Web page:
PM: Water poisoning claims prove Abbas no peace partner
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PM: Water poisoning claims prove Abbas no peace partner

Netanyahu brushes off PA president’s ‘halfhearted half-apology’ for repeating debunked hoax story in EU parliament address

Tamar Pileggi is a breaking news editor at The Times of Israel.

Prime Minister Benjamin Netanyahu shakes hands with Palestinian Authority President Mahmoud Abbas in Jerusalem, September 15, 2010. (Kobi Gideon/Flash90)
Prime Minister Benjamin Netanyahu shakes hands with Palestinian Authority President Mahmoud Abbas in Jerusalem, September 15, 2010. (Kobi Gideon/Flash90)

Ahead of his trip to Rome for talks with US Secretary of State John Kerry, Prime Minister Benjamin Netanyahu on Sunday said Palestinian Authority President Mahmoud Abbas’s recent address at the European Parliament again proved he was an unsuitable partner for pursuing peace.

Abbas last week told European lawmakers in Brussels that an Israeli withdrawal from the West Bank and East Jerusalem would end global terrorism, and repeated a debunked hoax story claiming that local rabbis had called for poisoning Palestinians’ water supply. Admitting the claim was “baseless,” Abbas on Saturday apologized and walked back the water poisoning allegation.

“Abbas again last week proved to the entire world that he is not interested in direct negotiations with Israel,” the prime minister said at the start of his weekly cabinet meeting.

“Worse, he also spread abhorrent lies about the State of Israel and Judaism. True, he quickly apologized, a halfhearted half-apology, but the things he said there were in keeping with what he has said about us on other occasions, including at the UN General Assembly,” Netanyahu said.

Prime Minister Benjamin Netanyahu looks on as he chairs the weekly cabinet meeting in his Jerusalem office on June 26, 2016. (AFP PHOTO / POOL / Dan Balilty)
Prime Minister Benjamin Netanyahu looks on as he chairs the weekly cabinet meeting in his Jerusalem office on June 26, 2016. (AFP PHOTO / POOL / Dan Balilty)

“Therefore, I think that people can conclude from this who wants to advance peace and a peace process – and who does not.”

A statement issued by the Prime Minister’s Office on Thursday accused Abbas of peddling lies, promoting incitement and spreading blood libels in his speech.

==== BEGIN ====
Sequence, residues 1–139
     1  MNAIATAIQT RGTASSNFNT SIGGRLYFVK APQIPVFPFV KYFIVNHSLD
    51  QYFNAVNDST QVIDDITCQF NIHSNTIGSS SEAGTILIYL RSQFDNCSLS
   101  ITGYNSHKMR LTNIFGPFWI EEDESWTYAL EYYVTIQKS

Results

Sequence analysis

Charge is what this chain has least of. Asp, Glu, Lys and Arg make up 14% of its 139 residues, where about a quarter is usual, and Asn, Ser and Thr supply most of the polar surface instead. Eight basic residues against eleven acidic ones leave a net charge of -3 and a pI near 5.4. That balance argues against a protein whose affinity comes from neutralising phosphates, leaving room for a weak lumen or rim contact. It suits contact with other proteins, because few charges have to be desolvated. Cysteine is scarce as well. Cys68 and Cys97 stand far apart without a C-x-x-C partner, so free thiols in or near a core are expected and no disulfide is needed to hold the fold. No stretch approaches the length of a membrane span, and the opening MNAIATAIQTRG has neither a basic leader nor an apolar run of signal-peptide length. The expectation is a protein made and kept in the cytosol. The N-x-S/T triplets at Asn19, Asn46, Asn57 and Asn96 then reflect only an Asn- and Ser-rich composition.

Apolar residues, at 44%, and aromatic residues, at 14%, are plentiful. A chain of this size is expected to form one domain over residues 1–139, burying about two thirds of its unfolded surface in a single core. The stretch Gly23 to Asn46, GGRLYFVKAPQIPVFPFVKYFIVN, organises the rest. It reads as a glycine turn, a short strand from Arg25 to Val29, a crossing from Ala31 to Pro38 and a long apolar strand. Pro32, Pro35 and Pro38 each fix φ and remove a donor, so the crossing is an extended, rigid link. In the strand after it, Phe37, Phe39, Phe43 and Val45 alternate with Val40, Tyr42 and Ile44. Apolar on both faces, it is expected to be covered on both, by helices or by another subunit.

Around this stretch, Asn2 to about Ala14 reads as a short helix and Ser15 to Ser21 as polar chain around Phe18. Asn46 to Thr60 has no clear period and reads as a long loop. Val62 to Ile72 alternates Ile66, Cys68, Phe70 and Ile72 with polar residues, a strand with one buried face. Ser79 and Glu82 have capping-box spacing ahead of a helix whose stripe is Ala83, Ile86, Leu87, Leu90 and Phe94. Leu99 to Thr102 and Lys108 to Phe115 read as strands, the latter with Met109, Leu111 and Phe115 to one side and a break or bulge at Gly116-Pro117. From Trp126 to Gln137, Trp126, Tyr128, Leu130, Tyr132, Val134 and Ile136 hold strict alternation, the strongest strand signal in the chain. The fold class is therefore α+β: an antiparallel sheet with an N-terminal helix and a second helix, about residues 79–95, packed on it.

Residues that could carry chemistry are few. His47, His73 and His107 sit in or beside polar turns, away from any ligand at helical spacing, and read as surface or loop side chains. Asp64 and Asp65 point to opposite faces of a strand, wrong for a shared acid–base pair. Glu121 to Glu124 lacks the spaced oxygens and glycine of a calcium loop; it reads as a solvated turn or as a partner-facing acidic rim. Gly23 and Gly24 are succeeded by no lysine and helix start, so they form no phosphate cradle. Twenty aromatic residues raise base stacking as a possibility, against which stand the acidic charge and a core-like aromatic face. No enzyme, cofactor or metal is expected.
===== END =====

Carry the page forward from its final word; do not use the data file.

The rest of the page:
President of the Palestinian Authority Mahmoud Abbas delivers a speech at the European Union Parliament in Brussels on June 23, 2016. (AFP / JOHN THYS)
President of the Palestinian Authority Mahmoud Abbas delivers a speech at the European Union Parliament in Brussels on June 23, 2016. (AFP/John Thys)

“Israel waits for the day Abbas stops peddling lies and inciting [against Israel]. Until then, Israel will continue to defend itself against Palestinian incitement, which fuels terror,” the statement said.

Other senior Israeli politicians and US-based Jewish groups also issued sharp rebukes of the PA president over his remarks.

Following Sunday’s cabinet meeting, Netanyahu was set to leave for Rome to meet with Kerry, where, according to reports, the two men will discuss the possibility of reviving the Israeli-Palestinian peace process and the imminent publication of an international report expected to criticize Israeli settlement building.

Netanyahu will reportedly also make a last ditch effort to convince Kerry to soften an upcoming report that is expected to be critical of Israel.

The report by the Quartet diplomatic group — the United Nations, the European Union, the United States and Russia — is concerned that Palestinian violence and Israel’s construction in the West Bank and East Jerusalem is pushing the prospect of peace further away.

Washington, the traditional mediator in Middle East peace efforts, has not taken the lead in recent months, concerned that the situation is not promising and that another round of failed talks would only further embitter both parties.

But France has launched a diplomatic initiative to build international pressure on both sides.

The United States gave the French move a cool reception, but Kerry attended its inaugural meeting in Paris and has called on both sides to take “affirmative steps” to calm tempers and preserve the possibility of peace.

Agencies contributed to this report.

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